case study: global head of entertainment at PUMA
Under the direction of Chairman & CEO Jochen Zeitz and reporting directly to the Global Brand Manager Antonio Bertone in Boston, I was part of the small International team responsible for PUMA’s resurgence by repositioning it via fashion, music and entertainment.
Based from my office in Soho, London, I was solely responsible for promoting and implementing all of their product and marketing innovations in the UK whilst monitoring and reporting on the latest trends —making me the subject of a BBC 2 documentary.
Douglas Holt featured the repositioning of PUMA in his book: “How Brands Become Icons: The Principles of Cultural Branding.”
This work saw PUMA’s net earnings spike by 43.5% to more than $343.5 million, which was “triggered by the skyrocketing retail popularity of Puma chic. Inside Puma, they called it the “sportlifestyle” effect.”*
I was the Global Head of Entertainment at PUMA International for five years during this critical period.
Before Jochen Zeitz’s vision to reposition PUMA, it was considered an obscure brand in the minds of most consumers.
It had great heritage via past ambassadors such as football legend Pelé, Tommie Smith and Walt Frazier, who had his own branded PUMA shoe, “Clyde”, but the company was deemed adrift.
Sales declined steadily; the brand was perceived as a low-priced brand with low production values. In 1993 Puma lost $32 million.
Jochen Zeitz’s turnaround plan was segmented into phases.
Phase one was about restructuring PUMA across the board.
Phase two saw Zeitz launch the plan to reposition the PUMA brand worldwide via fashion and entertainment. The first release was a new innovative collaboration that merged sports and fashion: a shoe with designer Jil Sander. It was a concept that, at the time, shocked and broke barriers as having never been done before.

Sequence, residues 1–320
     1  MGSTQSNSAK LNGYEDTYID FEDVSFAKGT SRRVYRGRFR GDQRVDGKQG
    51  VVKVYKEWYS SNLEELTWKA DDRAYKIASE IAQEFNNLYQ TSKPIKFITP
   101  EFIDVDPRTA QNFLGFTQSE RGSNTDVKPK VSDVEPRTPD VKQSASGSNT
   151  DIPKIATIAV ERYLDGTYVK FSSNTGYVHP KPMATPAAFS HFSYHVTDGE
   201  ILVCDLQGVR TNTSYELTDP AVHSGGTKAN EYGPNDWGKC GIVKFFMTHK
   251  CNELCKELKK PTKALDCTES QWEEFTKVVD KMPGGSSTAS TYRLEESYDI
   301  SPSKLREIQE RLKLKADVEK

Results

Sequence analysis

The new ideas, alliances, product lines and interpretations of “sportlifestyle” continued throughout the 2000s, all supported by product placement, a new marketing concept.
Launched model Christy Turlington’s Nuala yoga range in the UK. Turlington and clothing designer Marc Jacobs created one of the Nuala accessories, the “Christy” canvas and leather bag for carrying yoga mats.
Promoted the “96 Hours” collection, which targeted young professionals who needed functional, fashionable crossover items that travelled well.
Launched the PUMA concept store on Carnaby St. London
Introduced the new footwear lines into the UK, including Mostro, Sprint, Avanti, and Porsche-inspired footwear for motorsports fans designed in cooperation with Italian motorsports equipment maker Sparco
Made professional introductions to potential UK partners, including Four Marketing —the UK's most influential 360º fashion business—and Cathal McAteer, about the premium “Platinum” category of PUMA clothing
Promoted footwear line produced in collaboration with Japanese designer Yasuhiro Mihara